Monday, December 22, 2014

Gillian Flynn Explores Some Very Dark Places

Gillian Flynn has a talent for creating singularly unappealing characters and such is the case in this, her second novel.

Twenty-five years ago, a farm mother and two of her three daughters were slaughtered in what became known as the "Satan Sacrifice" of Kinnakee, Kansas. A third daughter, Libby, who was seven at the time, managed to get out of the house and escape from the killer by hiding in the nearby woods. Libby's brother Ben, a troubled boy of seventeen, was convicted of the killings and sentenced to life in prison, largely on the basis of Libby's testimony.

Through the twenty-five years that followed, Libby grew into an extremely unattractive loner who alienates virtually everyone with whom she has contact. She has refused all contact with her imprisoned brother and throws his letters away unopened. She has supported herself by living off the donations that people made to support her in the wake of the killings. But now the money is running out and Libby can't stand the prospect of getting a real job.

To generate some income, she now accepts an invitation from a group known as the Kill Club. This is a secret group whose members are obsessed with famous crimes and particularly the victims of those crimes. The group pays Libby for the opportunity to talk to her and suggests that they will also pay to buy "souvenirs" relating to the crime.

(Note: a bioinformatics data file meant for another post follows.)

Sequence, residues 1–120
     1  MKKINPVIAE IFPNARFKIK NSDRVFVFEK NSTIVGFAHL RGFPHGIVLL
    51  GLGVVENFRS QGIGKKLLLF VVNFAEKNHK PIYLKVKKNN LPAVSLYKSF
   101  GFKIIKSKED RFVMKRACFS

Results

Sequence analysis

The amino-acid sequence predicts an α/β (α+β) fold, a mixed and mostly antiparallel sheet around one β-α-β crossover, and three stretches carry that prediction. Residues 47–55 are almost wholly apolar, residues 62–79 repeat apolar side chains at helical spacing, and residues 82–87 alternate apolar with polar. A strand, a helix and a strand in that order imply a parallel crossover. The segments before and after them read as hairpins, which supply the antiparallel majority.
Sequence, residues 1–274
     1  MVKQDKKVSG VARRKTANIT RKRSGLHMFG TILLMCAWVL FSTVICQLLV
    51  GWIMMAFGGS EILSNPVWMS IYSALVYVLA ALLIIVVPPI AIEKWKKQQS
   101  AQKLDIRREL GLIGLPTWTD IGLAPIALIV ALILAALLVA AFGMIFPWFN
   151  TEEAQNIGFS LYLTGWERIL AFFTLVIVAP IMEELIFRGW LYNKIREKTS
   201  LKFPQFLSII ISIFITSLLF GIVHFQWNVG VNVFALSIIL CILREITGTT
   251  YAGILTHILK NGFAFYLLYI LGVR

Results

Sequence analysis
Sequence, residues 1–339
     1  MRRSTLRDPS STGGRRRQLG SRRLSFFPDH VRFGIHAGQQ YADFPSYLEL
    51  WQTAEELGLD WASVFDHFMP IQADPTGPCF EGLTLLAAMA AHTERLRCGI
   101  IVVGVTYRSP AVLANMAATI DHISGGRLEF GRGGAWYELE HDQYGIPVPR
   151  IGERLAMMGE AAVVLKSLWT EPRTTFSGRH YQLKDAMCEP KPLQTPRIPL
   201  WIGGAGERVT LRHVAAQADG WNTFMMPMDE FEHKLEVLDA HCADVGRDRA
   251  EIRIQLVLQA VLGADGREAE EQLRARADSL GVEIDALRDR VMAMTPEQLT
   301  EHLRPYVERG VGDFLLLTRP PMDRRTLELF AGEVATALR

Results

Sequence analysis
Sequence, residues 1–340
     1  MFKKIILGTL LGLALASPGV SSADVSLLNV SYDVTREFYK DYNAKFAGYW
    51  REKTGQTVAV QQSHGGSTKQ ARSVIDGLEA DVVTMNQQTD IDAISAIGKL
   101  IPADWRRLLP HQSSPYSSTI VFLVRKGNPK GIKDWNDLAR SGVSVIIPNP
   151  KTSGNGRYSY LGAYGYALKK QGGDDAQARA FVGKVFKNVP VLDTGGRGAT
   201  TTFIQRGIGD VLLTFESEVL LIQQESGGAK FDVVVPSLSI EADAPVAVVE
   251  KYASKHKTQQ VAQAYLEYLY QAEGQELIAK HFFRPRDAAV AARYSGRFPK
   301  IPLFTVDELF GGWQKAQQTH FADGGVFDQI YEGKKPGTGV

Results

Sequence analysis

The group has spent a great deal of time studying the murders of her mother and sisters, and Libby is stunned to learn that most members in the group believe that her brother is innocent of the crime. Some female members of the group have been corresponding with Ben and want Libby to recant her testimony and join the effort to free Ben.

What follows is a torturous journey as Libby delves deeper into the case and gradually begins to relive the fateful hours of that awful night. The story is told from Libby's perspective and, in flashback, from that of her mother and brother.

At one level, it's a very compelling story, but my main problem with the book is that I could not find a single character with whom I could sympathize. Libby, in particular, is such an unappealing protagonist that I simply couldn't care what happened to her and didn't even particularly care that she had survived the night that her mother and sisters had been killed. In consequence, I really didn't enjoy the book as much as I otherwise would have.

My other problem with the book is that (view spoiler). Gillian Flynn is an excellent writer, and I expect to read more of her work. My only hope is that next time around, unlike the case in this book or in Gone Girl, she'll give me a character I can really root for.

Tuesday, December 16, 2014

Patrick Hoffman Debuts with an Excellent Noir Novel

This is a very dark debut novel featuring druggies, loan sharks, Russian gangsters, bank robbers and crooked cops, all fighting desperately for turf on the very mean streets of contemporary San Francisco.

Emily Rosario is a lost soul who relies on booze and drugs to make it from one day to the next. One evening, she meets a Russian man in a seedy bar called the Kum Bak Club. After a few drinks, she accompanies him to a hotel for more booze and drugs, but once there, the Russian and his accomplices keep her drugged to the point of incoherence, paying her two hundred dollars a day for her help in what they insist will be an identity theft scheme.